I believe that the most important years in education are from reception to Year 6 and even if it was my intention to send them to a state secondary school I would send them to a prep school to get a solid foundation. That is not to say state schools do not give a solid foundation.
Now before G55 tells us about the awful private schools she's worked in
I do understand that all independent schools are different. I have had experience of both and I have even spent a day at one of the best state primaries in a certain county and I also used to listen to children read in another.
Spending a day in the state primary school made me realise the amount of time that is wasted due to class sizes, discipline and undiagnosed learning difficulties. In an English lesson lasting 40 minutes the children did 10 minutes of work due to the amount of disruptions. The most able table was the most disruptive as they were so bored and the teacher's time was taken up with the least able.
My experience with independent schools is that they are more flexible with the curriculum and the ability group within the class. The curriculum is innovative, in places, but also very traditional and time is not spent changing the curriculum because a new government idea has been introduced. There is competition on the sports field and in the classroom. In DS's reception class he was doing Year 3 spellings with a small group and another group was learning their ABC. In the state school DS2 had to learn his ABC eventhough he was reading Level 14 in the Oxford Reading Tree books. This is not just my experience and I know plenty of parents whose children are in the same situation. IMO some teachers do not think outside the box and stick rigidly to the curriculum they have been given.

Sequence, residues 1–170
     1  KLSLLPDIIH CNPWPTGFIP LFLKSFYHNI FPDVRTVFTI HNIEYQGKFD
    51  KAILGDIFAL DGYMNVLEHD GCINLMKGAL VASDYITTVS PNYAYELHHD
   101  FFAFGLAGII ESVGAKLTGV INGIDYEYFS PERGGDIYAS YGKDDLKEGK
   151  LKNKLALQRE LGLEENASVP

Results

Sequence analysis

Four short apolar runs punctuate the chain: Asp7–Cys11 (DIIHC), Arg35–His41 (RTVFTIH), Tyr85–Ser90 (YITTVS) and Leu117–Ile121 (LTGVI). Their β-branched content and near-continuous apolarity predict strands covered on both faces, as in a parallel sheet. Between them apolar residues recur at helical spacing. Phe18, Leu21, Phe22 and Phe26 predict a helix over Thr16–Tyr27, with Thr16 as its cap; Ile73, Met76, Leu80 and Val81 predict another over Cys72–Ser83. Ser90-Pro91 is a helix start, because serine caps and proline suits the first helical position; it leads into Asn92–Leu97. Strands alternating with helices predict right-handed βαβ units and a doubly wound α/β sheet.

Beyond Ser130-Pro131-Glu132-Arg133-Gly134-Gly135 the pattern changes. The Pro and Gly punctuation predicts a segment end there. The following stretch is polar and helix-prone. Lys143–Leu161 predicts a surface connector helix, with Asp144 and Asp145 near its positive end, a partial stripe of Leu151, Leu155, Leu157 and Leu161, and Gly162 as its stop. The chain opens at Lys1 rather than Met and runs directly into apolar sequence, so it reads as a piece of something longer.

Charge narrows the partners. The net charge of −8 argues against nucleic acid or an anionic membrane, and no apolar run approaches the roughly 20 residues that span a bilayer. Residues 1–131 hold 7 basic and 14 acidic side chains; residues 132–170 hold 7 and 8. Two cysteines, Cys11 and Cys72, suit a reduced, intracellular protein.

I also believe that independence is taught from an earlier age at independent school and there are many opportunites where children are expected to venture out of their comfort zone (not in a harsh way) on a daily basis.
But again all schools are different and this has been my experience.
Will your DC have a better chance at getting into GS from an independent ? Only if the testing is English and Maths and not VR/NVR. If you choose a school that is a large feeder to GS then it may well increase your chances but if you want an independent education it should be for much more than the academic results. It should be about the confidence, discipline, self-esteem and promoting the individual that most of these schools provide. I'd rather my sons could look an adult in the eye and have a respectful and eloquent conversation than have a clutch of A'levels, if I had to choose.